Madrona School Alphabet (N)

N is for nurturing….nurturing that underlies education at Madrona School. From our youngest students, introduced to a school setting through the sweet unfolding of a parent-child class, to the relationships that develop between students and teachers in both our early childhood program and our grade school, our faculty work hard to see each individual child and meet them where they are.

Our parent-child program offers a small child, ages 18-36 months, a home-like introduction to school and a social setting. Our teachers set up the room with care, selecting toys and activities, as well as parent education materials. This is often the way a family learns about Waldorf education. We run this program in two sessions, fall and winter/spring. If you know a family with young children, invite them to inquire about this most nurturing of classes!

Our preschool and kindergarten classes are both mixed-age, allowing for teachers to get to know a young student over two or more years together. Our teachers value their role as a parenting ally, and our students have a real opportunity to connect with another loving adult.  

This continuity is also an important nurturing element in our grade school. Class teachers move up through the grades with their students, getting to know a family over time; and our specialty teachers also enjoy building relationships. The teachers really get to know a family and their student, able to see growth from year to year, able to foster interpersonal relationships in the classroom, able to be another regular relationship in a young person's life.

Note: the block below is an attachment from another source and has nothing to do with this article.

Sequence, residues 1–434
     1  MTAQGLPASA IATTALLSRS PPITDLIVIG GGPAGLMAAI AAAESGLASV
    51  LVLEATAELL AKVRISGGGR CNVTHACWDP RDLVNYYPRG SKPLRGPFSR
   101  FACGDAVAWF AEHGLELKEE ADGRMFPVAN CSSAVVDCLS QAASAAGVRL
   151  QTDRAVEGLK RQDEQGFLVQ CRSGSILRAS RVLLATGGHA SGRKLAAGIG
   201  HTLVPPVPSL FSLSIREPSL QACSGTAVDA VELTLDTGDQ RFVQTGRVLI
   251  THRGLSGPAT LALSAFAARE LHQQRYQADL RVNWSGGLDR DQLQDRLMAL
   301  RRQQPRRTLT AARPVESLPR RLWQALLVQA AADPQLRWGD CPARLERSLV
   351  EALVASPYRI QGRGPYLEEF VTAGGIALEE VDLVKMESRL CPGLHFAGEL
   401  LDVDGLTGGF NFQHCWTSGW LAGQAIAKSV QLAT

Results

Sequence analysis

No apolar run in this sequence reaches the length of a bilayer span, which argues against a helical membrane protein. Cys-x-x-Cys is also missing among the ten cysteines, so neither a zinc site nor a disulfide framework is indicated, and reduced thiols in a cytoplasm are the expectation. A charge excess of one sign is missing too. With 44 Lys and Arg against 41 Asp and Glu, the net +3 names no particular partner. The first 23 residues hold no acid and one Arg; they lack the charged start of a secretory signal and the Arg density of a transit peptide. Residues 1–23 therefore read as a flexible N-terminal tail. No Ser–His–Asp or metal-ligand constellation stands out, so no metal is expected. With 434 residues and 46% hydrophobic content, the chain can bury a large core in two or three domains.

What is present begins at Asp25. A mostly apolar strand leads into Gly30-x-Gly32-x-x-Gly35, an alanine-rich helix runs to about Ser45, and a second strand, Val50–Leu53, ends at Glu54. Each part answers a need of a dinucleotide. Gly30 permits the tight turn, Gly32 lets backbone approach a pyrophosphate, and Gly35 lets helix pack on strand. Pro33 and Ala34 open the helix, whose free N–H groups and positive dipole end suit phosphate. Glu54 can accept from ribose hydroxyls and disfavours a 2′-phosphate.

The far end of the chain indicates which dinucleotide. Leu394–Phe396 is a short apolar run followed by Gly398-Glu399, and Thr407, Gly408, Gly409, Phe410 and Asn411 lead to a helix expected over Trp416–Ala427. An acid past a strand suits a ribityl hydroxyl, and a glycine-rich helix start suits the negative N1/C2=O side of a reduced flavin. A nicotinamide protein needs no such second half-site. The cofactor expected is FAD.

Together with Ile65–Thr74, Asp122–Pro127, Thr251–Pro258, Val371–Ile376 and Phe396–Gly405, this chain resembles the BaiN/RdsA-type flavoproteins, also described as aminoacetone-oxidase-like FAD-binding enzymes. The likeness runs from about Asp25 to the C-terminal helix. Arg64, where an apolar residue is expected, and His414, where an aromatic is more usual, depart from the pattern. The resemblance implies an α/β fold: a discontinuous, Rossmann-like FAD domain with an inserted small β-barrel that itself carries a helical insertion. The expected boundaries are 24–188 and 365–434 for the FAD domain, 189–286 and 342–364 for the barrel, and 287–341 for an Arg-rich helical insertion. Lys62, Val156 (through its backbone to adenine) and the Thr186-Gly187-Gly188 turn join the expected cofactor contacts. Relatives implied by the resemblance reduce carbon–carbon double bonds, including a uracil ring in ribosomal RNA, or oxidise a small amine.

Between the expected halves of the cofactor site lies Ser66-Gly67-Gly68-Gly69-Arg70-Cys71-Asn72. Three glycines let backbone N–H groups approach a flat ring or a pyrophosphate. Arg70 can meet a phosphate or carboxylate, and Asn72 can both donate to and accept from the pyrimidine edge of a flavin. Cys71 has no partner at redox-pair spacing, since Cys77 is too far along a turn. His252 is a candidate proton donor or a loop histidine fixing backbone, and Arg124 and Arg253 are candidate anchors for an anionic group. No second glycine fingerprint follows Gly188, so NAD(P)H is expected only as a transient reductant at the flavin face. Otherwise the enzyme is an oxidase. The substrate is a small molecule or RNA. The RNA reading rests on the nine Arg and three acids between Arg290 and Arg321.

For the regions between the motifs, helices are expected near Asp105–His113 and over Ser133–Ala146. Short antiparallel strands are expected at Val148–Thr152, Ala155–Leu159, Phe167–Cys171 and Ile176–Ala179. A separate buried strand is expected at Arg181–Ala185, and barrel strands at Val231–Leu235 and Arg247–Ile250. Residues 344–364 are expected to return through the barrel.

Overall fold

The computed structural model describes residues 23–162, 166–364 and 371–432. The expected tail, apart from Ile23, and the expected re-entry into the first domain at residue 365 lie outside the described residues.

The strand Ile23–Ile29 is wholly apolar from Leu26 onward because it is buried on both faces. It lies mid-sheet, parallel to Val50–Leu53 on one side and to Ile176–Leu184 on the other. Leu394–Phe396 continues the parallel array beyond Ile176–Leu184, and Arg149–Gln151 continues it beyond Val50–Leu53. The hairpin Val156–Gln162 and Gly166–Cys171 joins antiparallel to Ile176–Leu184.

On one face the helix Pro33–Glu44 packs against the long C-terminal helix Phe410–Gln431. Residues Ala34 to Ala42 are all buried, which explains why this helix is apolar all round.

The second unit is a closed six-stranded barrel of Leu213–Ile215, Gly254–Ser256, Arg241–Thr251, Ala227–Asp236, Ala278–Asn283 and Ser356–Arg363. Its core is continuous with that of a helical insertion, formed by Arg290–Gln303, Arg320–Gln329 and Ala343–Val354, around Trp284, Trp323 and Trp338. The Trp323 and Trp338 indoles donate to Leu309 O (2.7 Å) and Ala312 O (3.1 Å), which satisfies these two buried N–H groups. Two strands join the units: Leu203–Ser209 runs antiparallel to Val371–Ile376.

Teachers are, by definition, nurturing folks. At Madrona School, they gather for a morning verse of their own, a daily reminder of our school's focus on each student, on partnering with families to teach each child and see them go on into the world to become a whole and contributing member of society!

Finally, and not at all least, our parent community strives to nurture one another, through regular events like parent meetings and parent society, volunteering in the classrooms to share talent and time with teachers and students, and in helping when a family needs a little extra help. We invite you to enter into the school community in whatever way feels comfortable for you. Join us!

—adapted from our school newsletter

Madrona School Alphabet (M)

Our celebration of what makes a Madrona School Waldorf education unique continues with… M for music!

Music in its most basic rhythmic form surrounds us from our earliest days -- heartbeat and breath, and eventually those sweet, simple lullabies from our parents and caregivers. There are many books and articles to explain different ways our brains benefit from music, its relationship with math, with memory, and on and on. Music infuses our curriculum at Madrona School too. There are songs for all the work and transitions in our early childhood classes, and during circles throughout the grades. We sing as classes and at assemblies, we play flutes and recorders, and 4th graders choose a stringed instrument, playing and reading music together through 8th grade. Music helps our students practice pattern recognition (good for reading and math!), creativity of expression, and collaboration through ensemble work, not to mention improvement through the discipline of a daily practice. Music offers an expression of joyful organization and speaks to us on so many levels; its daily integration in the curriculum is truly something to treasure!

—adapted from our weekly email newsletter

Madrona School Alphabet (L)